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Borodin Symphony No. 2 and No. 3 Ansermet LP Vinil 180 Gramas London Speakers Corner Pallas EU

Borodin Symphony No. 2 and No. 3 Ansermet LP Vinil 180 Gramas London Speakers Corner Pallas EU Maximizar
Artista: Ernest Ansermet
Título: Borodin Symphony No. 2 and 3
Número de Catálogo: CS 6126
Editora: London Records
Reeditado por: Speakers Corner
Código de Barras: 4260019710468
Ano da edição original: 1955
Ano da reedição: 1996
Quantidade de discos: 1
Rotações por minuto: 33⅓ rpm
Tamanho do disco: 12"
Gramagem do Vinil: 180gr
Peso Total do Artigo: 332gr
País prensagem: Alemanha
Produzido para o Mercado de: EU
Adicionado ao catálogo em: 30 Julho, 2017
Nota: Não elegível para descontos adicionais
Vinyl Gourmet Club: Sim


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Preço Unitário: 24,14 €

Referência: SC336126JK

Disponibilidade: Em Breve


Quem acredita no velho adágio de que a ciência e as artes não se misturam, terá de repensar essa ideia quando se familiarizar com a biografia e música de Alexander Borodin. O Russo, professor de química, frequentemente roubava tempo das aulas para compôr. Uma performance brilhante de Ernest Ansermet com a Orchestre de la Suisse Romande.



  • Pura Masterização 100% Analógica
  • Vinil Audiófilo Virgem 180 Gramas
  • Prensado na Pallas da Alemanha



Anyone believing in the old adage that science and the fine arts do not mix must rethink his ideas when he becomes acquainted with Alexandr Borodin’s biography and his music. The Russian professor of chemistry constantly stole time from his lectures in order to compose; it was musical elements and formulas rather than chemical ones that occupied him.


Without a doubt, the Second Symphony in B minor best reflects Russian feeling and temperament. Its rather harsh and mechanical theme is contrasted first by a lively little song and later by a conciliatory second subject. Cheerful and soothing melodies are heard in ever new combinations until the main theme returns once again and the movement is brought to a powerful close. The Scherzo, with its throbbing horns, march rhythms and thrilling woodwinds, is equally electrifying. The contemplative Andante is followed by a highly explosive Finale based on two Russian dance melodies which are widely varied during the course of the music.


Both old and new friends of Russian symphonic music are highly recommended to experiment in their own “sitting-room laboratories” with this musically and chemically pure vinyl pressing.



Borodin attempted three symphonies, the last of which he never finished. The Second Symphony was started in 1869 and completed seven years later, the period of its composition coinciding very largely with Borodin's intermittent attention to work on Prince Igor. The music is thoroughly Russian in mood and the composer himself suggested in conversation with Stasov that the first movement represented some gathering of Russian warriors, the slow movement a Bajan and the last a crowd in festive mood. The opening movement is dominated by its forceful and ominous first theme.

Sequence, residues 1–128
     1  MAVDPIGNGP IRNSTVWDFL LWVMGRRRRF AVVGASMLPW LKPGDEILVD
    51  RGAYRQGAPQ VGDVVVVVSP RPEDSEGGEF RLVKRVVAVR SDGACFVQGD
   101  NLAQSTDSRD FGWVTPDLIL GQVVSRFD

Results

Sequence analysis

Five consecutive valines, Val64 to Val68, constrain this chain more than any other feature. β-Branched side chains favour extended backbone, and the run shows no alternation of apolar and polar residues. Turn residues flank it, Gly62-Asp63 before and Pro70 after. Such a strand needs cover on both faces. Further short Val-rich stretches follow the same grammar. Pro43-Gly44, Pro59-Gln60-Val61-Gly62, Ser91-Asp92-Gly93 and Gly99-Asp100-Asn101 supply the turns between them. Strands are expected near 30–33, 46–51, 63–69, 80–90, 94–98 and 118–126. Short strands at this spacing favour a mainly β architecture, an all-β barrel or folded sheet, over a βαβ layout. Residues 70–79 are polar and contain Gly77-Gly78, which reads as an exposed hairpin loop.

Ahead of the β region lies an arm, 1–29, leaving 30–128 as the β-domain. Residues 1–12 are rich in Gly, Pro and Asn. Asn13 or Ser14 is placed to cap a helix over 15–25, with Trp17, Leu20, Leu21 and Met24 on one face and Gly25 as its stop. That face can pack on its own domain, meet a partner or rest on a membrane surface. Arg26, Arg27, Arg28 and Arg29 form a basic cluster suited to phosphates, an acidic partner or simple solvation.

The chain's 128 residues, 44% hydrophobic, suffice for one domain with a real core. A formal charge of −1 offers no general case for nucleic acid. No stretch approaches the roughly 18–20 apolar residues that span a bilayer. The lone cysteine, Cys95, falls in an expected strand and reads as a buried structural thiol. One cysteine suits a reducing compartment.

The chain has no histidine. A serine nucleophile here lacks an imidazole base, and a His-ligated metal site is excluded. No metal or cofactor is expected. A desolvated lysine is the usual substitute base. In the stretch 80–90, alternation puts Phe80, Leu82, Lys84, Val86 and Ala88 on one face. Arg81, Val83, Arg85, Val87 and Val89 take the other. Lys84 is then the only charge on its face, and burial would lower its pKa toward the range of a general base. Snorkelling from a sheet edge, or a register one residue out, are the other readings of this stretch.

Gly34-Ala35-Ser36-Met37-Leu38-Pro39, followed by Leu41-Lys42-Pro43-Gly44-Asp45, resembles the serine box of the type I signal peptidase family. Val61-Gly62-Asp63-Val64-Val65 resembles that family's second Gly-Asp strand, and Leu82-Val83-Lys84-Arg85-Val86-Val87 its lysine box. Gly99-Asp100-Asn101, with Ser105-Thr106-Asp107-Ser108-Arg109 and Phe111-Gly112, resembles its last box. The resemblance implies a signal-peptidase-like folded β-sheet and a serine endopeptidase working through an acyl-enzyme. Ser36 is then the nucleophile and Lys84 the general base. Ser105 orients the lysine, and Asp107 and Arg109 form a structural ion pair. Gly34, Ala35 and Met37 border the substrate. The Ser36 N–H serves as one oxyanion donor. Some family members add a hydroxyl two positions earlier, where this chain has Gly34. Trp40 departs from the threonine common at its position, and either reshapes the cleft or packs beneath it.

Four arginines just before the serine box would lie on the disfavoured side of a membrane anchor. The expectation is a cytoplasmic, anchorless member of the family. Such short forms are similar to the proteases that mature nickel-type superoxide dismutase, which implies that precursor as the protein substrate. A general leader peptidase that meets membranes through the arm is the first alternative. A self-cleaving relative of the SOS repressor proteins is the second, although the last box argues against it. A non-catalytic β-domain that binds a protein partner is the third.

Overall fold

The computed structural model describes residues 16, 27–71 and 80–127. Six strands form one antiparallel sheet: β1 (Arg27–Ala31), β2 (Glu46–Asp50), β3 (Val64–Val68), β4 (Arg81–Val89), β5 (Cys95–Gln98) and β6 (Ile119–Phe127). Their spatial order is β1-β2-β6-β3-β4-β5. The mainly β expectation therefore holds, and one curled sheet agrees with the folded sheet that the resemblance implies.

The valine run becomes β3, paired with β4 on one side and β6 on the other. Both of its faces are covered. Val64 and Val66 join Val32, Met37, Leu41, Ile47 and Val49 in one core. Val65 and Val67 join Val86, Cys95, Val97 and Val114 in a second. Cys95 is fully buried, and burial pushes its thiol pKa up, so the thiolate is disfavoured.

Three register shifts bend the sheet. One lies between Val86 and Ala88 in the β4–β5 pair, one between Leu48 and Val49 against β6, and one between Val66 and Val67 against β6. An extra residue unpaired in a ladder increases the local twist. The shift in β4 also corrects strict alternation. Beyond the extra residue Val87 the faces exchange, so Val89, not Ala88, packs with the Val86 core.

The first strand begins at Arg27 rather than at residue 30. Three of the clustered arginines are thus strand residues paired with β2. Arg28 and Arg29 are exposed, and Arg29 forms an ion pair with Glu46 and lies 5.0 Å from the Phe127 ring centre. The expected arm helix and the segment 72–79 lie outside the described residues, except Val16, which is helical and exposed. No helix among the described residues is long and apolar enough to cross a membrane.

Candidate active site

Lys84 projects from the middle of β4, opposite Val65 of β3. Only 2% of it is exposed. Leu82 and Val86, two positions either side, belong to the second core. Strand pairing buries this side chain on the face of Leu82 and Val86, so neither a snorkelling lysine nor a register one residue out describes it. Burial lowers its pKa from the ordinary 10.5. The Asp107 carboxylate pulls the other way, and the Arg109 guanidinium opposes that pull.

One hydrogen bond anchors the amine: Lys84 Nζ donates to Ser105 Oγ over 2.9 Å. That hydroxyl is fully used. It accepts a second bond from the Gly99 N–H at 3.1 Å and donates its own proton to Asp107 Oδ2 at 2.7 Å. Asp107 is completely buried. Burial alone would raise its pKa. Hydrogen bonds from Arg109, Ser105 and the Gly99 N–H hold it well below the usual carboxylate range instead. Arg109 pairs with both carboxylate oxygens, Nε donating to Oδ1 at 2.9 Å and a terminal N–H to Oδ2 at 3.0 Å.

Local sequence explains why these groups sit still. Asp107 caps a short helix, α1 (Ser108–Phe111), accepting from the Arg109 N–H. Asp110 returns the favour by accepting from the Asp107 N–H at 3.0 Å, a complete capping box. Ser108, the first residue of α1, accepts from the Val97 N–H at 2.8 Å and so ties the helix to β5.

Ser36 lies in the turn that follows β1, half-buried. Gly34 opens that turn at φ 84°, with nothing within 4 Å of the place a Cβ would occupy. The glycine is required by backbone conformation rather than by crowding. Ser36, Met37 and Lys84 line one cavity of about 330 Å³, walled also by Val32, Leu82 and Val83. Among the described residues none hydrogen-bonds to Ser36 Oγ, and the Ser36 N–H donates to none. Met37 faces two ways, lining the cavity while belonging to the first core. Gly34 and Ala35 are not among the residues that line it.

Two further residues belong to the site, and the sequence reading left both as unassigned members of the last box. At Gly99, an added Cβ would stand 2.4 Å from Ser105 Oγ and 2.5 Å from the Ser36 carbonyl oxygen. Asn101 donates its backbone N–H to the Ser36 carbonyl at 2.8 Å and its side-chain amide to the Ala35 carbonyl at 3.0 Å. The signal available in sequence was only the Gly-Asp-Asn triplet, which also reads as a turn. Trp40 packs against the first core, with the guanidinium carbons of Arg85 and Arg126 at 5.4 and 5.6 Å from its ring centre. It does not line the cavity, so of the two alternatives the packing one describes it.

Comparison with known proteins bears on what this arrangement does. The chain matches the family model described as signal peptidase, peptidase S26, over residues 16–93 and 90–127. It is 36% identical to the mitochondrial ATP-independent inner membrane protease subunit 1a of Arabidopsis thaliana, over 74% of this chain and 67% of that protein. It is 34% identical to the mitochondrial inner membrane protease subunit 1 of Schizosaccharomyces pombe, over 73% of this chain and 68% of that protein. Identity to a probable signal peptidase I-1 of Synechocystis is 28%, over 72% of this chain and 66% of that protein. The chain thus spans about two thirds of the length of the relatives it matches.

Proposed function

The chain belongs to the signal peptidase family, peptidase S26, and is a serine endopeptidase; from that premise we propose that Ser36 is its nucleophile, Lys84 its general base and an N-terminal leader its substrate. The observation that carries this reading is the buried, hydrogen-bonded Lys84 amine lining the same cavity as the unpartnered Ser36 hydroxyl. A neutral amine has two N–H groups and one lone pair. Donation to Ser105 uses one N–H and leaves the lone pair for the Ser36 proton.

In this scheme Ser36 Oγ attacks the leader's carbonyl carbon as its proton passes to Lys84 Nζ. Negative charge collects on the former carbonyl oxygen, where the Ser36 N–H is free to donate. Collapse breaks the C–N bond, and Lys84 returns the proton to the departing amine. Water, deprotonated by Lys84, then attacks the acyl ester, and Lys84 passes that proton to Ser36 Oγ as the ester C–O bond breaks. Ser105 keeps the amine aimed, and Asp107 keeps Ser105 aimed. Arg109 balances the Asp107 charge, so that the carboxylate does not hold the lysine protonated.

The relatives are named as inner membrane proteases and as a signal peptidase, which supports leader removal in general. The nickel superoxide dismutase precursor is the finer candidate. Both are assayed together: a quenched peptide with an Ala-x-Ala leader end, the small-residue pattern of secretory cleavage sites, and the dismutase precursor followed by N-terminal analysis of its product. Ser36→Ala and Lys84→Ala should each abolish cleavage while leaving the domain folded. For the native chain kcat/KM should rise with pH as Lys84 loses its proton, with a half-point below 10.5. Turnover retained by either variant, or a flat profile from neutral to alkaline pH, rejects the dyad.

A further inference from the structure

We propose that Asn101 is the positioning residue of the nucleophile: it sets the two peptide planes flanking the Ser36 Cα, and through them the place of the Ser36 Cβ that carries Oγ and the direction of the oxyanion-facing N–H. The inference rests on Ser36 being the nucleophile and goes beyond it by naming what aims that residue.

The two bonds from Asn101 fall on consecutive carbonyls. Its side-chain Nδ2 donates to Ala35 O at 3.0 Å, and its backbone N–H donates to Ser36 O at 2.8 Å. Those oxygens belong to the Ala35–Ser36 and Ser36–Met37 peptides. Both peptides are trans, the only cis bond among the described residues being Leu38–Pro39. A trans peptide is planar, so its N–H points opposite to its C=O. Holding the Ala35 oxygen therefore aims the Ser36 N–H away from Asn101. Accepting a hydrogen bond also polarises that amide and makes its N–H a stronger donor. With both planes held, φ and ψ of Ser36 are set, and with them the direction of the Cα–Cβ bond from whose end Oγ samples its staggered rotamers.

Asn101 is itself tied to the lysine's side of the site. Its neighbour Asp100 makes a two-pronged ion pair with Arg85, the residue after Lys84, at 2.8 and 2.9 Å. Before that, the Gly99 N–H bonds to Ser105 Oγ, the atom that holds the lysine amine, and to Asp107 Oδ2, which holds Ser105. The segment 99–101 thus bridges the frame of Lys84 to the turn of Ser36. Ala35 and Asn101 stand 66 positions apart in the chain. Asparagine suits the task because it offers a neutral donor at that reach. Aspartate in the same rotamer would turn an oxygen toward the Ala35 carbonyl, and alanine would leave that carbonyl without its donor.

The Scherzo, slightly altered in its opening on the suggestion of Balakirev, who was always ready with advice, however inconsistent, shifts a semi-tone higher, as the repeated note C on the horns serves as the introduction of the new key of F major, much as the G flat chord that opens the Andante, with its moving horn solo, shifts the tonality to D flat, changing to C sharp minor at the start of the colourful B major finale. The symphony, in fact, is remarkable in its technical novelty, within the traditional symphonic framework, and constitutes an orchestral counterpart of Prince Igor, Polovtsian Dances and all.

The Third Symphony, of which only two movements exist, makes use as a second movement of a scherzo in a characteristically uneven rhythm scored originally for string quartet, written in 1882, and orchestrated, as Borodin had intended. For the Trio Glazunov took music that the composer had written for the first act of Prince Igor but had later rejected. The first movement, reconstructed by Glazunov from the composer's sketches and from his phenomenal memory, had actually originally been intended as a string quartet, a fact that goes some way to explaining its relatively spare texture and gentle mood.


Alexander Borodin (composer)
Ernest Ansermet (conductor)
L'Orchestre de la Suisse Romande

Borodin - Symphonies No. 2 And No. 3 - Ansermet - L'Orchestre de la Suisse Romande

1. Symphony No. 2 in B minor - First Movement: Allegro
2. Symphony No. 2 in B minor - Second Movement: Scherzo (Prestissimo)
3. Symphony No. 2 in B minor - Third Movement: Andante
4. Symphony No. 2 in B minor - Fourth Movement: Finale (Allegro)
5. Symphony No. 3 in A minor - First Movement: Moderato Assai
6. Symphony No. 3 in A minor - Second Movement: Finale (Allegro)
7. Prince Igor Overture









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